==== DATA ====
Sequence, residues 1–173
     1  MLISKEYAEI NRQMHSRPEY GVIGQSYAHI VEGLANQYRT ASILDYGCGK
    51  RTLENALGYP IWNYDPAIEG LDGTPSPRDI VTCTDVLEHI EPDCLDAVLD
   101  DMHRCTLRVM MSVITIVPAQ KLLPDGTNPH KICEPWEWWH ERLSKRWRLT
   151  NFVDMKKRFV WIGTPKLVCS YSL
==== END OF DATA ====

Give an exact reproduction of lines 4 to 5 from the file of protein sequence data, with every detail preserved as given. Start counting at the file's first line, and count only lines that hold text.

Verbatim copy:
   101  DMHRCTLRVM MSVITIVPAQ KLLPDGTNPH KICEPWEWWH ERLSKRWRLT
   151  NFVDMKKRFV WIGTPKLVCS YSL